- On 17 Mar 1998 at 16:08:11, "Leon Aarons" (laarons.aaa.fs1.pa.man.ac.uk) sent the message

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It seems that the debate on weighting appears regularly in the

pharmacokinetic literature (now read web for literature). The

earliest paper in a pharmacokinetic context was that of Boxenbaum,

Riegelman and Elashoff (JPB 2: 123-148 (1974)). In a biochemical

context there are numerous papers including Atkins (Biochem.J.

138:125-127 (1974)) and Finney (Appl.Stat. 26:312-320 (1977)). There

is also a long history in the Chemometrics literature (see Garden et

al Anal.Chem 52: 2310-2315 (1980)). The contribution of Peck et al

(JPB 12: 545-558 (1984)) is also illuminating but however also see

van Houwelingen (Biometrics 44: 1073-1081 (1988)).

The theory is quite clear (Draper and Smith and numerous other

books). In a least squares context weight by the inverse of the

expected variance of the datum (not as some arbitrary function of

the observed datum). In many applications this is straightfoward as

replicate experiments can be performed. Unfortunately in

pharmacokinetics this can not be done. Note that replicating the

assay or repeating the whole experiment does not replicate the

sample. The closest you might come to it is to take simultaneous

samples from different veins, althought it is not clear that this is

a true replicate. Therefore what should you do.

Roger Jelliffe advocates using a function based on the determined

assay error. As he points out it is simple to perform and certainly

systematizes the approach. However assay is not the only source of

variability, which Roger acknowledges. Stochastic variability may be

part of the process noise but it cannot be estimate separately from

the assay error except perhaps if the assay of a sample could be

repeated 10,000 times to reduce the assay error by a factor of 100.

Simply to multiply the 'assay polynomial' by a scaling factor seems

to defeat the purpose of fitting a polynomial in the first place as

there is no theory which suggests the 'process noise' should have the

same functional form as the assay error. The idea of fixing the

residual variability to that of the assay was originally used by

Mallet in the NPML program. In this case the the residual error had

to be fully specified (including the proportionality constant). My

understanding is that in the lastest version of the program it is now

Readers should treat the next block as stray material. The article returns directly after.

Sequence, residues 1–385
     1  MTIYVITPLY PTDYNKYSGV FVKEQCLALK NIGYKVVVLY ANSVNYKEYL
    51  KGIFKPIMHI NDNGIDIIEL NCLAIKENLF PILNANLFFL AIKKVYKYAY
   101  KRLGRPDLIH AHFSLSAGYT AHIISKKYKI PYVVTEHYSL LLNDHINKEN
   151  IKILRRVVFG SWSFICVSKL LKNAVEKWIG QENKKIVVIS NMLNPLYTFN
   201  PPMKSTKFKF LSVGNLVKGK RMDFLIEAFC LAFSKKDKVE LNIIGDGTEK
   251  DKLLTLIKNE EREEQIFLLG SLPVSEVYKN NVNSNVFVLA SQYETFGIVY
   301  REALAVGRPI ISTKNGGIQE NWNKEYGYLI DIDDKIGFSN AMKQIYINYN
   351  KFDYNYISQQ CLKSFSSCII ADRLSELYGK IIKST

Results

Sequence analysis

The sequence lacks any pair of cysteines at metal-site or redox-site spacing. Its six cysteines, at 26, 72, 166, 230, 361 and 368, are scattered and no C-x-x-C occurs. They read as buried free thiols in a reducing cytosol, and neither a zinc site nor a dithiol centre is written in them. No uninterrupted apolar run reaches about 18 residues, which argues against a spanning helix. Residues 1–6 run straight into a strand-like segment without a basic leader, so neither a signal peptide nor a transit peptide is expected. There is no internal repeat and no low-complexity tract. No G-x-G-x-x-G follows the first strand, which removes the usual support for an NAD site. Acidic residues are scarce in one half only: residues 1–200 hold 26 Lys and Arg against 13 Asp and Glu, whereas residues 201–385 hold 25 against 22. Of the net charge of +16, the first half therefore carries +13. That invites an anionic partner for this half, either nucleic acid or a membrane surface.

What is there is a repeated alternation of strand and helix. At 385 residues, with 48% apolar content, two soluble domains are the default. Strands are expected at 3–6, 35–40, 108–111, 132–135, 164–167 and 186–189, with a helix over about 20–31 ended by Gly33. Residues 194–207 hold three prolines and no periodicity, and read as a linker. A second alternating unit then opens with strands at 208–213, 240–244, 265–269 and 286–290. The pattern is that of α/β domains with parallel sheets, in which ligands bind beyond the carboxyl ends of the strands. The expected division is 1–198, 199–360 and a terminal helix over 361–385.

possible to estimate an 'error model'.

So what should be done? Well let me say that I do not know the

perfect solution. For pragmatic reasons people tend to opt for

pragmatic solutions such as constant variance or constant cv (note

that chosing a constant weight of 1 or 0.1 etc makes no difference

to the precision estimates in least squares as the proportionality

term (sigma^2) is estimated from the residual sum of squares. The

weights only have to be proportional to the reciprocal of the

variance). Roger is right to criticize these schemes as they are only

abstractions of reality. More complicated variance models can be

dreamt up, for example a combination of constant variance and

constant cv but the parameters of these schemes are difficult to

estimate (see Raab Appl.Stat. 30: 32-40 (1981)).

My own approach is a combination of pragmatism and experience.

Eventual having analysed a number of data sets with various

'reasonable' weighting schemes look at the residual plots and choose

the 'best' common model. Mixed effects modelling can also help here.

Then use that weighting scheme for all the data sets. This scheme may

not appear optimal for all data sets but the decision has an

empirical Bayesian feel about it in that you are using information

from all of the data sets to come to this decision and I would be

happy with that.

As I said I would not claim this to be perfect and I expect to hear

of alternatives and objections.

Leon Aarons

________________

Leon Aarons

School of Pharmacy and Pharmaceutical Sciences

University of Manchester

Manchester, M13 9PL, U.K.

tel +44-161-275-2357

fax +44-161-275-2396

email l.aarons.-at-.man.ac.uk

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